Injecting new supply into Canada’s overheated residential markets might seem an intuitive answer to the crisis, but a combination of federal-level funding issues and housing authorities’ apparent resistance to the idea has made the solution easier said than done.
However, a recent study published by the Housing Policy Debate journal has implied that supply scepticism is at least a significant contributor to the problem, based on analysis of almost 100 analyses that have looked into the topic and its various manifestations nationwide.
“We ultimately conclude, from both theory and empirical evidence, that adding new homes moderates price increases and therefore makes housing more affordable to low- and moderate-income families,” wrote Vicki Been and her co-authors, as quoted by the Haider-Moranis Bulletin.
The study also cited unreasonably restrictive land-use rules and illogical zoning decisions in multiple markets as factors that should share the blame.
“Residents of neighbourhoods that predominantly comprise single-family homes oppose any attempt to densify and hence restrict the supply of new housing,” the Bulletin explained. “On the other side are those trying to impose arbitrarily high development densities in the outer suburbs and beyond that are inconsistent with demand and land economics. The result is the same: a lack of sufficient housing supply.”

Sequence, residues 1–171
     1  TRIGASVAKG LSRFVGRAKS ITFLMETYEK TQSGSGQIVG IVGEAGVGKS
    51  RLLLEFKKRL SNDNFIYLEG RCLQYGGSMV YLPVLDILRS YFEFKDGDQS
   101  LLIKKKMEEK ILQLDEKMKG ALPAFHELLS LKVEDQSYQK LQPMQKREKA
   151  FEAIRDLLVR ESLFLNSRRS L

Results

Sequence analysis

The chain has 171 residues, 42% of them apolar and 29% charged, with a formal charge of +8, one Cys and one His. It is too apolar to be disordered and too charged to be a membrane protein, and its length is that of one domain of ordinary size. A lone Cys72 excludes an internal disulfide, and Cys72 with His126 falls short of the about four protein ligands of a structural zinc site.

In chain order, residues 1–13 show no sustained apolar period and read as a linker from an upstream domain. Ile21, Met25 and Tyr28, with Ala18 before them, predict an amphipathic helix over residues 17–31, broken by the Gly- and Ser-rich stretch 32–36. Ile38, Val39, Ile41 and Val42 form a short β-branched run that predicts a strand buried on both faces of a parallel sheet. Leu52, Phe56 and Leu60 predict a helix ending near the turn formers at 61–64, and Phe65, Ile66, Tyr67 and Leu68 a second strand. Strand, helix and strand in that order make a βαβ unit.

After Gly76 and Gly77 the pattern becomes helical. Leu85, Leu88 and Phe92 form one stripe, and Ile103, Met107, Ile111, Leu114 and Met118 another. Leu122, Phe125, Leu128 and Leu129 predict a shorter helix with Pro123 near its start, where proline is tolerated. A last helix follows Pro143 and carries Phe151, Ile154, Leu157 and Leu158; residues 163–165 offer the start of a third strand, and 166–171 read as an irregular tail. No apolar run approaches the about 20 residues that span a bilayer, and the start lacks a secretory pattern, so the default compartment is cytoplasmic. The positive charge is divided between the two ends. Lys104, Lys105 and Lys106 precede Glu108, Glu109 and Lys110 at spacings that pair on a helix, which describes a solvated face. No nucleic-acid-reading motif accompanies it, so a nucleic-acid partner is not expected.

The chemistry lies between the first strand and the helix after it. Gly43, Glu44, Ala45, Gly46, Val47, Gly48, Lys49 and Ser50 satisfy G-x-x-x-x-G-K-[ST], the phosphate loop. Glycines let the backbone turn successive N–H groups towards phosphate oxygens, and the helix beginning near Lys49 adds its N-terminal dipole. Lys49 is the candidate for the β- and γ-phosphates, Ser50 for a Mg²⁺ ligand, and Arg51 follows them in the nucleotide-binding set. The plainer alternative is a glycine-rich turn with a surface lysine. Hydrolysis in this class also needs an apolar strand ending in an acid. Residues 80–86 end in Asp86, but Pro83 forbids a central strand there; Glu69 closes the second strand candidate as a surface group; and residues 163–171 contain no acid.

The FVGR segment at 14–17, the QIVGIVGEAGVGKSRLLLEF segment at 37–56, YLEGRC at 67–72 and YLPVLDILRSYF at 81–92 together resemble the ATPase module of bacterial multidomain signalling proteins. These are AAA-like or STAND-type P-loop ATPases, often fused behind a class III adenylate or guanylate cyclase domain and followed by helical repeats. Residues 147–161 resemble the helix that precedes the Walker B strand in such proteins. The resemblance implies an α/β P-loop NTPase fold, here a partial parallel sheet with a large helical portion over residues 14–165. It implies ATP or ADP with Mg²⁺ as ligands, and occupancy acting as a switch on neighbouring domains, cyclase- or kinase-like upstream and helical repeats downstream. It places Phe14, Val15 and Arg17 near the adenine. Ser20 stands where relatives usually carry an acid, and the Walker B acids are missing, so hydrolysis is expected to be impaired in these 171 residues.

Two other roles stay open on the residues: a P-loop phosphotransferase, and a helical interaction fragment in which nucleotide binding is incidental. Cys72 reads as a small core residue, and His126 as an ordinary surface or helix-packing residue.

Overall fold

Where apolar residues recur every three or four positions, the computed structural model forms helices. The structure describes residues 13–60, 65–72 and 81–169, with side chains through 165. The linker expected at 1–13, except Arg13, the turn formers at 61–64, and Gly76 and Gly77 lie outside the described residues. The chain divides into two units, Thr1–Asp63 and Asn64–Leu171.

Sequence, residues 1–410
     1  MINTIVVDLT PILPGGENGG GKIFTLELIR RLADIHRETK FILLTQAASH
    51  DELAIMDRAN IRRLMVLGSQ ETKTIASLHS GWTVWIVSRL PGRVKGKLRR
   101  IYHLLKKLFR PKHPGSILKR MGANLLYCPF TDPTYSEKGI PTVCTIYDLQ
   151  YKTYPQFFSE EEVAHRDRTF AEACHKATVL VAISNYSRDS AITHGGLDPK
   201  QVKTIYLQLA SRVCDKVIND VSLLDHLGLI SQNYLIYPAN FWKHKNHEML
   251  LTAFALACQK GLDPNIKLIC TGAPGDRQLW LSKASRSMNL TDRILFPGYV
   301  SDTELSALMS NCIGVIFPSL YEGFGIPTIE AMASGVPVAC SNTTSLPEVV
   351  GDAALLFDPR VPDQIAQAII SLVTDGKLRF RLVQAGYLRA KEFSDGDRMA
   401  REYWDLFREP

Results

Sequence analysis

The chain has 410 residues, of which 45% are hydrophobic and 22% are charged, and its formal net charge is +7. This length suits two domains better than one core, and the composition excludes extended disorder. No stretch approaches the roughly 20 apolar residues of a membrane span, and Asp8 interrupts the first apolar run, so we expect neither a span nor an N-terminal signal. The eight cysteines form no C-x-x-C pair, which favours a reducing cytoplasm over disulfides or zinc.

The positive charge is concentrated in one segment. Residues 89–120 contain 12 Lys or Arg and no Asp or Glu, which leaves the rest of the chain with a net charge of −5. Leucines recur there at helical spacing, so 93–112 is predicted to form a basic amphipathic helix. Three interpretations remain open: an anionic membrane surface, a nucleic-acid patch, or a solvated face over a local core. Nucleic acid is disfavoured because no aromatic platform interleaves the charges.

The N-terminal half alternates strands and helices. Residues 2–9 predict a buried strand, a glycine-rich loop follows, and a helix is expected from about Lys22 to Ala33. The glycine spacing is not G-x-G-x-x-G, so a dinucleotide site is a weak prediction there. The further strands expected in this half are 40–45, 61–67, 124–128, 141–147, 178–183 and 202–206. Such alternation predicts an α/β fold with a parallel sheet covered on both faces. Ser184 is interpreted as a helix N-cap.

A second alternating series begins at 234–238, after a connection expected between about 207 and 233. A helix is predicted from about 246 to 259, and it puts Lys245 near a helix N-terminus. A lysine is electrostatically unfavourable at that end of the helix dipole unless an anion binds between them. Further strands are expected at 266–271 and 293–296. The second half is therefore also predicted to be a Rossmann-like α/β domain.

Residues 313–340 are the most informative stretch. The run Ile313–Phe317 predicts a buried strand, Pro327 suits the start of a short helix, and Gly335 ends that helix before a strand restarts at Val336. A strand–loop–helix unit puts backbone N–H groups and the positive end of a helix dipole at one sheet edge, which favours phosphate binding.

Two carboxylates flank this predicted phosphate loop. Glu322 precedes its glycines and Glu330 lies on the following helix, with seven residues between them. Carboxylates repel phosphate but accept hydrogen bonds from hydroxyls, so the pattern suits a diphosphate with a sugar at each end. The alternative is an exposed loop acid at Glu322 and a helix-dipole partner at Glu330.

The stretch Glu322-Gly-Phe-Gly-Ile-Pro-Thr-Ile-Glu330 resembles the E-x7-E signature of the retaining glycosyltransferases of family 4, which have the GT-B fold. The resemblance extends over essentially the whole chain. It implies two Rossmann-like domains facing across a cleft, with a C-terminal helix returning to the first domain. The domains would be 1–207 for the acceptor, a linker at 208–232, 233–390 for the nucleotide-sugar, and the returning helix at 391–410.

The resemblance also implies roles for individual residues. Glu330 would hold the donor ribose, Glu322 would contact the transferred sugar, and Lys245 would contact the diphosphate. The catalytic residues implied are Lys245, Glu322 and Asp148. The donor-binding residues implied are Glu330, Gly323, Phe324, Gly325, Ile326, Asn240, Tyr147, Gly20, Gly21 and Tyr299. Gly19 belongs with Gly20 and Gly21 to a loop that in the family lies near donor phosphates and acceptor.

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Moreover, the supply additions in recent years have tended towards being valued at market prices, which might still push out considerable portions of the would-be buying segment. The report thus urged governments at all levels to work to “to ensure that supply is added at prices affordable to a range of incomes.”
“The challenge in housing affordability is to ensure that new housing is built to meet the shelter needs across the income spectrum and not just for high-income earners. It is true that even housing built to draw market prices and rents over time, through market filtering, will improve affordability for low-income earners. However, the filtering process takes time.”